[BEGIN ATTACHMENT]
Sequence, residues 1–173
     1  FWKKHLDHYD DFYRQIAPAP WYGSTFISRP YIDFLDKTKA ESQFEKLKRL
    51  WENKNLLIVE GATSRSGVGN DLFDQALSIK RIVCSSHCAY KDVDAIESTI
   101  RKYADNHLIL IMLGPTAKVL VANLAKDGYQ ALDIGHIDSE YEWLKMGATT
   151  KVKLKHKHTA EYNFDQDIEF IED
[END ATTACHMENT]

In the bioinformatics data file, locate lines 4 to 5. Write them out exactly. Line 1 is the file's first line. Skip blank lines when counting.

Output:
   101  RKYADNHLIL IMLGPTAKVL VANLAKDGYQ ALDIGHIDSE YEWLKMGATT
   151  KVKLKHKHTA EYNFDQDIEF IED